Let your dog walk away. Keep the leash loose and allow him to have a choice about who he greets or doesn’t greet. If you give your dog the choice, he will begin to feel more in control of the situation and his stress levels will lessen. You might be surprised … often if you just hang out near people and ask everyone to ignore your dog, you will soon see him settle down enough to approach and sniff the other people on his own. But it has to be his choice when he feels comfortable enough to do that. If strangers are looking at him or trying to get his attention by reaching out a hand, etc, he will feel pressured and he will begin to worry again.
With time, your dog will become more comfortable around strangers because he will know that they won’t be trying to pet him or feed him. If he wants to approach someone to sniff, let him. Ask the other person to ignore him. Praise gently as your dog is sniffing.
Sometimes sitting next to the person on a bench will help your dog feel safe enough to approach. Often a dog will go under the bench and when the people are talking and otherwise engaged, he will sneak closer to sniff the person’s shoes.
A dog being approached head-on will most likely try to take a detour away from a new person. This is polite dog language and also a response to the stress of someone approaching him directly. Allow him to move away to create more space so he will be comfortable and keep the leash loose if you can. Following or walking next to a new person can help put your dog at ease much quicker than a person approaching him.
One of my own dogs is worried about strangers. The more I tried to work with him to help him, the more anxious he got. I tried asking people to pet him or to feed him. I tried doing targeting games to have him go say hi to people by touching their hands. Even though with a certain cue (touch) he would do the behavior, his general behavior in public where there were new people got worse because he was never sure which new person I was going to make him interact with.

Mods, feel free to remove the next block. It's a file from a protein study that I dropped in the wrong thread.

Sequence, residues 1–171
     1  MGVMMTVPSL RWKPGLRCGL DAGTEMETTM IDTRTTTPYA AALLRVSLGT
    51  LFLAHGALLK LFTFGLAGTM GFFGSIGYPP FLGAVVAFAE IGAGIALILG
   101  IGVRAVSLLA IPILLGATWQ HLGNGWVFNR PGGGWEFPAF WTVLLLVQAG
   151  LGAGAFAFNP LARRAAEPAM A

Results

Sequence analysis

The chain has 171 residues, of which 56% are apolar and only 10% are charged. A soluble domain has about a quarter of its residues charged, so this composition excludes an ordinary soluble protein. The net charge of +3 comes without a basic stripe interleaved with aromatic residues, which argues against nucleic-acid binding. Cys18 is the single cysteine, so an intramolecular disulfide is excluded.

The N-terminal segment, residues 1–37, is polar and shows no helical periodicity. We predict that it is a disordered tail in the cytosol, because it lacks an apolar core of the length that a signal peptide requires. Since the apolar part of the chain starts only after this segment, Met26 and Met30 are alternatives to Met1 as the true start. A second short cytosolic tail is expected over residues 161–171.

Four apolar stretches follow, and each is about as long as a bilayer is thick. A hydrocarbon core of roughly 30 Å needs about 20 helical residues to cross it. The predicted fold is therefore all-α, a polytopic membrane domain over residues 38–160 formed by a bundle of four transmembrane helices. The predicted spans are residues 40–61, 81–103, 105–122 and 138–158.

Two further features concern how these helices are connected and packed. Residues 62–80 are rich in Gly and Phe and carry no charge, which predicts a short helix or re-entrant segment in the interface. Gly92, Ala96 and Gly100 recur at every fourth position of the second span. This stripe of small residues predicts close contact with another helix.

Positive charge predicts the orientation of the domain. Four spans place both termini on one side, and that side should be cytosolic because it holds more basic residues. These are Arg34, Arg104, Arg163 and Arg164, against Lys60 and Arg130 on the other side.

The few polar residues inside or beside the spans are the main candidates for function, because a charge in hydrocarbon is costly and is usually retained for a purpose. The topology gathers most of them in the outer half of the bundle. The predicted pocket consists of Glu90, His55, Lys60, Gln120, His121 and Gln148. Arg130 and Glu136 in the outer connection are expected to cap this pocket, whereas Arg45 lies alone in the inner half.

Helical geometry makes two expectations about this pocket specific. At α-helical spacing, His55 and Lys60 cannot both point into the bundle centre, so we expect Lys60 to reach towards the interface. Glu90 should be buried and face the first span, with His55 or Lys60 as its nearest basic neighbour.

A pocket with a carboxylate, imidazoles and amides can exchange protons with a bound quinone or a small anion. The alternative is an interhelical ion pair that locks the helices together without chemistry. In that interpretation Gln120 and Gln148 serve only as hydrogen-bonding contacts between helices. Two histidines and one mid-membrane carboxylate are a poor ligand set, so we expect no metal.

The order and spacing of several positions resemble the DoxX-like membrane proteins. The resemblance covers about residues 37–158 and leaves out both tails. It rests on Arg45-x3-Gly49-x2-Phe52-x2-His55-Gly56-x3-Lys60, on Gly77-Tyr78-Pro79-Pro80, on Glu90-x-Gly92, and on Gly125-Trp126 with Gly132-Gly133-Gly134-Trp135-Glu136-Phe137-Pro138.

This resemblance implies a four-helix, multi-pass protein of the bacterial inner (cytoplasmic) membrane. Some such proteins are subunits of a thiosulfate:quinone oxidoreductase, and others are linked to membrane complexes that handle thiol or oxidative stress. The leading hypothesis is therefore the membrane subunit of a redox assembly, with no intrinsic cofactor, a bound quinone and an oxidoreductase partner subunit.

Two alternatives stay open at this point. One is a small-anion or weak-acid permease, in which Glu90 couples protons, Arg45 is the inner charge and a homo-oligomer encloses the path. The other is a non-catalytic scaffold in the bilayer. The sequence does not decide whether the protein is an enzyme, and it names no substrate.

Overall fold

Taking the pressure off and telling people they couldn’t pet my dog, allowed him to feel much more comfortable in the presence of new people and even with them handling him. Of course this took some time. I let it be his choice. If he approaches a person, I praise him. I don’t ask him to approach the person. I don’t let others push into his space.
When I see that he is curious about the other person and will approach and sniff on his own, I then tell the person how to invite him into their space. If he goes to them, then he has made the choice to interact with them. I give very specific instructions to the person on what to do next. And when my dog moves away, I back away and call him to me, praising him for coming as I explain to the other person that he’s had enough now and thank them for taking the time to make friends with him.
You need to stand up for your dog and protect him and his feelings. He doesn’t have a choice when he is on a leash and he can’t move away. Remember that it’s ok not to allow people to pet your dog. Dogs have varying comfort levels around new people, just like we do. Forcing him to interact will increase his anxiety and make him want to try to avoid new people even more the next time. Instead, take it slow and allow him to tell you how he’s feeling about the situation. Give him the freedom to decide who he wants to interact with and over time you may notice that he is making that choice more and more.